KJIPUKTUK (Halifax) – Some two or three years ago, while enjoying a walk at Mount Uniacke, I got a polite but angry call from Pieridae CEO Afred Sorensen, the man behind the Goldboro LNG project in Guysborough County.
Did I realize how damaging the Nova Scotia Advocate stories by Ken Summers were to thousands of well-paying Nova Scotia jobs, he asked. Didn’t I know Ken was the kind of man who enjoyed nothing better than seeing perfectly good initiatives like the Goldboro project fail?
My two takeaways from that call were to always turn my phone off when going for a walk, and more importantly, to reconsider the difference activism can make.
We protest, we write letters to members of parliament, we picket, but often we don’t really think it’s going to change things in a real sense.
But maybe we are wrong. After all, why would a busy CEO of a venture with billions of dollars at play care about what the tiny Nova Scotia Advocate was writing?
You never can tell, but right now the notion that we should build a liquefied natural gas export plant in Nova Scotia seems dead in the water.
Despite being built on sand, the project might have been successful if it hadn’t been for a few activists here in Nova Scotia, New Brunswick, Quebec and Germany.
Two kinds of activism contributed to Goldboro’s demise.
One is the research people like Ken Summers and others conducted, the kind that so greatly troubled Sorensen.
As early as 2018 Ken was asking (still unanswered) questions about pipeline infrastructure capacity. He kept it up for years, and he wasn’t the only one. For instance, folks like Andy Gheorghiu in Germany established that Pieridae’s claims of a US $4.5 billion in loan guarantees from the German government were effectively hot air.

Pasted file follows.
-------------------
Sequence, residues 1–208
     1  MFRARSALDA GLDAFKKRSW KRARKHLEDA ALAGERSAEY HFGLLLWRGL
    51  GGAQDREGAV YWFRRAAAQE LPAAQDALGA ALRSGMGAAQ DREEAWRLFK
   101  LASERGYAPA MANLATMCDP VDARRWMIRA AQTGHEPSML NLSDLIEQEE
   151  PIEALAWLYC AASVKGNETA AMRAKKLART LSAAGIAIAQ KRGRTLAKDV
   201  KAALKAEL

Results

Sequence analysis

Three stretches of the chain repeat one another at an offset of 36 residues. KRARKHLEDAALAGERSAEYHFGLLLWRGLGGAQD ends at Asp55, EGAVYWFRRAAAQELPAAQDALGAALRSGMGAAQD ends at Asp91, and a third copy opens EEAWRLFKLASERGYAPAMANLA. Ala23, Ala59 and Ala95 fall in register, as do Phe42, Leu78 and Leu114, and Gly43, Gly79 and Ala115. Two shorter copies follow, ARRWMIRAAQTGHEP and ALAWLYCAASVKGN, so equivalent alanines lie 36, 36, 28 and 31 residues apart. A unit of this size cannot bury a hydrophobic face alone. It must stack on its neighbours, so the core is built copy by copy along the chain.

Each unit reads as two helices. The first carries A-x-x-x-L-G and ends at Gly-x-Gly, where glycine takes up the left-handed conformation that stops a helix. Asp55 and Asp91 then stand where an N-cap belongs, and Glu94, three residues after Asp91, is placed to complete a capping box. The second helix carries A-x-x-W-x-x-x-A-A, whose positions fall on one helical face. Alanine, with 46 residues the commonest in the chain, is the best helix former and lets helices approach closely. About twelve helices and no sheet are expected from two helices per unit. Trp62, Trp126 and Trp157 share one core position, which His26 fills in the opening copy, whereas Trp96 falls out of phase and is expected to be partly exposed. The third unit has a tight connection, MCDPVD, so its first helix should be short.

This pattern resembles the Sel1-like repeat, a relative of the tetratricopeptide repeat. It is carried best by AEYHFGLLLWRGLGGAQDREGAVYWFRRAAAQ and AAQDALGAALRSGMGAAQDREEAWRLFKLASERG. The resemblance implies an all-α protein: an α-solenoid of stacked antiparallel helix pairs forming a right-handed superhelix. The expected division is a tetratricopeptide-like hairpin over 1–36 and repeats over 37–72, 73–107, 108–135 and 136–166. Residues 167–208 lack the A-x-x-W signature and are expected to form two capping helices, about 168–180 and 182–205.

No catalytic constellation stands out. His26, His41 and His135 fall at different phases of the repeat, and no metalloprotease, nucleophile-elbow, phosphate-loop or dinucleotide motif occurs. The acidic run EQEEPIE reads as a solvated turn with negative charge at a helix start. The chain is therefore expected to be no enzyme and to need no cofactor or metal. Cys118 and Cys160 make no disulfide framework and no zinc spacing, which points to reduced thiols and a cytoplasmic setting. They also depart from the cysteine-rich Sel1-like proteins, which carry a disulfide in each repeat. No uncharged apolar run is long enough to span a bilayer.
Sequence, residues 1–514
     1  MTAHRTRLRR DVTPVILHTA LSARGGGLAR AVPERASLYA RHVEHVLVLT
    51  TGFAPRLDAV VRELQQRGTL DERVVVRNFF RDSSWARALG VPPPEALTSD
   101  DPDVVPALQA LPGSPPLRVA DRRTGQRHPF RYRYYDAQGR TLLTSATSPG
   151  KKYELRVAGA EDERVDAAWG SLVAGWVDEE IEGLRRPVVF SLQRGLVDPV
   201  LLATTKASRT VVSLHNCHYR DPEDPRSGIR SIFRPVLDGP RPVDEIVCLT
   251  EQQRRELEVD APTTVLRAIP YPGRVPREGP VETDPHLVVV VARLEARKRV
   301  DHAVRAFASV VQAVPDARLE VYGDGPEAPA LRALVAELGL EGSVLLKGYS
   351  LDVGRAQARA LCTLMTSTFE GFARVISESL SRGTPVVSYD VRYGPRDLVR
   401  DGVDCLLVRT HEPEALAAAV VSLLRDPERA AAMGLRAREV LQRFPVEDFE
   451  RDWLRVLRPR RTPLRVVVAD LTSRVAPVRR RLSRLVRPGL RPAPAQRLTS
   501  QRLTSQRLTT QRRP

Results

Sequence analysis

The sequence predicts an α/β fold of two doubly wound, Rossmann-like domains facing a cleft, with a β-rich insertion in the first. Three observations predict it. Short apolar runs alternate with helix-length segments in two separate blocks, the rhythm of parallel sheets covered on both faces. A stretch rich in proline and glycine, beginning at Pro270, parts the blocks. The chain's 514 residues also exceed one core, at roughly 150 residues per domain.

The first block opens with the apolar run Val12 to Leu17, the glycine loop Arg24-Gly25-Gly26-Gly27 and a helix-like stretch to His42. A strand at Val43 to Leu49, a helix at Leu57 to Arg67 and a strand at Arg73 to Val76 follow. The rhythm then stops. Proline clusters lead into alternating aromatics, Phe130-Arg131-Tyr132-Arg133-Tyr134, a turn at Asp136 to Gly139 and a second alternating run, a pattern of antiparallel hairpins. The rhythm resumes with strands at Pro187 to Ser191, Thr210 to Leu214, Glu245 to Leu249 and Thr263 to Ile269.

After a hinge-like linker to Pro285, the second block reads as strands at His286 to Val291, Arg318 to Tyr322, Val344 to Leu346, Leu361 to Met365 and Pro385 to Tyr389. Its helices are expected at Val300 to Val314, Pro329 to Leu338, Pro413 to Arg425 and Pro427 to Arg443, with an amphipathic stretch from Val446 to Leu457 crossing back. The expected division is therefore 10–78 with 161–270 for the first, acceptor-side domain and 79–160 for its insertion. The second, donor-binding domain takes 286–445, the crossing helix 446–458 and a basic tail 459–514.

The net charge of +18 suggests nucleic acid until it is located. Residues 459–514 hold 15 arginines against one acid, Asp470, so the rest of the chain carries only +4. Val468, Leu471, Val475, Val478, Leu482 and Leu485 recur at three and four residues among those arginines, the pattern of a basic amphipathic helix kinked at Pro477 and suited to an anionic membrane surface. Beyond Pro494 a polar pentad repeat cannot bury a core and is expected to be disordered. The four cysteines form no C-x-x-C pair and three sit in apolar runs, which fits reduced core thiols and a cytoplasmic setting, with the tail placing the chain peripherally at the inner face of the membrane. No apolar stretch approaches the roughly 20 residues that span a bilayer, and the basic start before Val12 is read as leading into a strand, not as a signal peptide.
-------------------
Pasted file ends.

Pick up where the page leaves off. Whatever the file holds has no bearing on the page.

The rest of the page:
Similarly, when the international alliance of activists discovered that Pieridae wanted $1 billion in federal support the group immediately raised the alarm, despite legal threats from the company.
Note that none of this was brought to light by journalists as such, although some helped amplify the activists’ findings. And by the way, the Chronicle Herald, loyal to the bitter end, is still blaming Pieridae’s problems on the pandemic while the Globe and Mail is still referring to a German loan guarantee as if it’s a thing.
Which brings me to the second kind of activism that made Goldboro LNG, in its current form at least, a thing of the past.
“I think we learned in the sixties and the seventies that mass movements can indeed bring about systematic change. If one looks at all the legislation that was passed, the Civil Rights Act, for example, the Voting Rights Act, that did not happen as a result of a president taking extraordinary steps. It happened as a result of people marching and organizing,” wrote Angela Davis.
That same principle is at work here.
There has been little direct activism against Goldboro, and what little occurred has been recent. However, this is where activism around climate change and in support of Indigenous rights more generally comes into play.
As Ken Summers pointed out, the Goldboro project would increase Nova Scotia’s GHG emissions by at least 18%.
Politicians know that these days that’s not something they can sell to voters. “We’re trying very hard to move away from the use of taxpayers’ money to increase fossil fuel production,” Central Nova MP Sean Fraser told the CBC when asked about Pieridae’s request.
Similarly, when Mi’kmaq grandmothers like Margie Ann Cook recently spoke out publicly against the construction of a huge camp for Goldboro construction workers they didn’t start from scratch but were building on activism against man camps out West and for Indigenous rights, well, everywhere. Alton Gas also comes to mind.
It’s impossible to quantify, but did activism make a difference?
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